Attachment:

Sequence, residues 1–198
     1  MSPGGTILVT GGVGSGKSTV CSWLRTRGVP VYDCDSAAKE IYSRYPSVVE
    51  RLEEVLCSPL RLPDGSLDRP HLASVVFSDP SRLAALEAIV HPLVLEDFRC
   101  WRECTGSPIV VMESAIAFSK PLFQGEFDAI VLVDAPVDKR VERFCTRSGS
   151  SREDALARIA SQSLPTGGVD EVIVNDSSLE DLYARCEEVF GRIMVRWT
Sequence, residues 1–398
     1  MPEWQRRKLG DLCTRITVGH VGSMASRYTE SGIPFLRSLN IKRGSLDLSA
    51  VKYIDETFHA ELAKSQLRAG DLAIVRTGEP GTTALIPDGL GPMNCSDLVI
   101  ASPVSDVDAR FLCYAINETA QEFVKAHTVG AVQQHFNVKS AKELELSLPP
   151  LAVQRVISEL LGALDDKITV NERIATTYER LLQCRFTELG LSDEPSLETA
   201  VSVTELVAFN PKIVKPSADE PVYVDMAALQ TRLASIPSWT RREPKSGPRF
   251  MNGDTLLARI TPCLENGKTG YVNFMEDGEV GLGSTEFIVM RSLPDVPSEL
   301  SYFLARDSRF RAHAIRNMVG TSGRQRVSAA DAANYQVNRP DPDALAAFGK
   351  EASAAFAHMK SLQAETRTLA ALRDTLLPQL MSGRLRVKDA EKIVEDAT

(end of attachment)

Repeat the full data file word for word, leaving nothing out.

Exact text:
Sequence, residues 1–198
     1  MSPGGTILVT GGVGSGKSTV CSWLRTRGVP VYDCDSAAKE IYSRYPSVVE
    51  RLEEVLCSPL RLPDGSLDRP HLASVVFSDP SRLAALEAIV HPLVLEDFRC
   101  WRECTGSPIV VMESAIAFSK PLFQGEFDAI VLVDAPVDKR VERFCTRSGS
   151  SREDALARIA SQSLPTGGVD EVIVNDSSLE DLYARCEEVF GRIMVRWT
Sequence, residues 1–398
     1  MPEWQRRKLG DLCTRITVGH VGSMASRYTE SGIPFLRSLN IKRGSLDLSA
    51  VKYIDETFHA ELAKSQLRAG DLAIVRTGEP GTTALIPDGL GPMNCSDLVI
   101  ASPVSDVDAR FLCYAINETA QEFVKAHTVG AVQQHFNVKS AKELELSLPP
   151  LAVQRVISEL LGALDDKITV NERIATTYER LLQCRFTELG LSDEPSLETA
   201  VSVTELVAFN PKIVKPSADE PVYVDMAALQ TRLASIPSWT RREPKSGPRF
   251  MNGDTLLARI TPCLENGKTG YVNFMEDGEV GLGSTEFIVM RSLPDVPSEL
   301  SYFLARDSRF RAHAIRNMVG TSGRQRVSAA DAANYQVNRP DPDALAAFGK
   351  EASAAFAHMK SLQAETRTLA ALRDTLLPQL MSGRLRVKDA EKIVEDAT